You see we have the generic image ads where a store can advertise a benefit or a storewide promotion. And then we have the dynamic remarketing ads where we are advertising specific individual products. But if you think the user behavior and its flow as also seen in the enhanced e-commerce report there is a gap there and the gap is on categories. What do we show people visiting a category page, but not individual products? We show them “category ads”.
Most of you have already created “Category ads” and this is usually done with some custom made creatives for the X top-selling categories of your store. And you have seen that this works. The reason I am mentioning this here is that yes it works and yes you should find a way to scale this. But before we go into the scaling part, let’s define what a category ad is and what are its elements.
If you want to think what are the main image elements that your ad should have these are:
- Title: It is either the category name (“keyboards”) or the category name along with your main benefit (“Keyboards at great prices”, “Find all the keyboards”)
- Subtitle: No need for this
- Main image: In the main image you have to show a visual that showcases the category and guess what better to have there than the actual products. You can create a custom visual for the category or you can create a template and add individual products that highlight the category. The first way is the better but it has issues in scaling as it will be a lot of work that also needs to be refreshed. After all eg, you cannot show the same smartwatches for one year, as your ad will look old. The other way to do this is to add the individual products. If you do it this way, then you have the question of which products to add there and these could either be some nice products or the top-selling ones.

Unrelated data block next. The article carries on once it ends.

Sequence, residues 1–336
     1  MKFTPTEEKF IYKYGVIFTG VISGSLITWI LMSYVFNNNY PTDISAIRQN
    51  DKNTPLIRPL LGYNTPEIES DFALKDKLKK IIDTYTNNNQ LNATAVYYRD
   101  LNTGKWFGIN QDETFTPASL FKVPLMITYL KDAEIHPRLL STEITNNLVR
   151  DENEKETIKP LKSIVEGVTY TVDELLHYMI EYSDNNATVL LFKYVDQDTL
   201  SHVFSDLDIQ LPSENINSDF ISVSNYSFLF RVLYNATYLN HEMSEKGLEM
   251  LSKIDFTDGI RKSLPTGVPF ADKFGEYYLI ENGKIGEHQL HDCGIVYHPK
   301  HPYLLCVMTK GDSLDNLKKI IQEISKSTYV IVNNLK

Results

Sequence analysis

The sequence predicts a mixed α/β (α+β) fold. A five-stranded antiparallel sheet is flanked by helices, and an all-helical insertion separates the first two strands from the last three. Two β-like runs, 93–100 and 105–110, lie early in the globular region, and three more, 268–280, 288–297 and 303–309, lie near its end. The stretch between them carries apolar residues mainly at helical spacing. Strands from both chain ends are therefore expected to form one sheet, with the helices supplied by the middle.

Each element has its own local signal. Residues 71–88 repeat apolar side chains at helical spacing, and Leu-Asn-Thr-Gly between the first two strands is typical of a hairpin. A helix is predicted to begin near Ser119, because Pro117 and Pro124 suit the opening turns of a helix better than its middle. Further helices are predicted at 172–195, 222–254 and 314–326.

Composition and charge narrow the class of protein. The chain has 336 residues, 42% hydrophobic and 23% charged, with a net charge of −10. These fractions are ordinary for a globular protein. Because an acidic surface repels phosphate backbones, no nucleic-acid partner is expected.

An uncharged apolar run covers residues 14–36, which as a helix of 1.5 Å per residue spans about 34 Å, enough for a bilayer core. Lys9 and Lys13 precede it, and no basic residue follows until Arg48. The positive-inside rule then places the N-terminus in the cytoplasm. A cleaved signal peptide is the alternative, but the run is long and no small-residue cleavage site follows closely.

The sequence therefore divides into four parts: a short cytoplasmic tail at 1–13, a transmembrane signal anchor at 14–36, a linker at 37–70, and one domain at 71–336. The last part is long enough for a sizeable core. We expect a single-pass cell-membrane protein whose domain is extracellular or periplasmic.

- CTA: This is your call to action (CTA). It is the “browse products” or “buy today”.
- Logo(optional): As already mentioned it is a good practice to add a logo and the only reason not to add it is if the ad is becoming too busy.
Difference of category ad vs dynamic remarketing ad. If you choose to display the category ad as a template with individual products, then one can ask what is the difference with dynamic remarketing. Let me give you the answer: